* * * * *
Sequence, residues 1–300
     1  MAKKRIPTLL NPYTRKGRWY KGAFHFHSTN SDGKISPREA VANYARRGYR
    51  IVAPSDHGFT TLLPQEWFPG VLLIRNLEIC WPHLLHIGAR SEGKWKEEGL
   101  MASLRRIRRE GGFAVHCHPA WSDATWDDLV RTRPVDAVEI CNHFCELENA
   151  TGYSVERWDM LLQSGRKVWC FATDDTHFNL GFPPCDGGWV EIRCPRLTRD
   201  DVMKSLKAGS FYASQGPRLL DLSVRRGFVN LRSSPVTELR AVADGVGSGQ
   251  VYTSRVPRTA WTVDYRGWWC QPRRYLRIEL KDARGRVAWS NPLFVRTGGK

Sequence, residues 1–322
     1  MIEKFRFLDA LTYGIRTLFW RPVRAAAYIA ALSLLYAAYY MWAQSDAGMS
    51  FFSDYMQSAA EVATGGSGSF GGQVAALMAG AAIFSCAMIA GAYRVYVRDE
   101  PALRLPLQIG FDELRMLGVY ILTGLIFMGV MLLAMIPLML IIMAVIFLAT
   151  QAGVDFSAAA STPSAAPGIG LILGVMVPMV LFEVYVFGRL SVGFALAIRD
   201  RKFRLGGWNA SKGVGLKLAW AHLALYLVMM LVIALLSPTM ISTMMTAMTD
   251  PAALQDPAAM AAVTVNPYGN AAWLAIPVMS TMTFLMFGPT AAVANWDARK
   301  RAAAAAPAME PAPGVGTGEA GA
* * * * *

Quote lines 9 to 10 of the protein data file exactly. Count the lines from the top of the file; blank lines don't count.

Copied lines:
     1  MIEKFRFLDA LTYGIRTLFW RPVRAAAYIA ALSLLYAAYY MWAQSDAGMS
    51  FFSDYMQSAA EVATGGSGSF GGQVAALMAG AAIFSCAMIA GAYRVYVRDE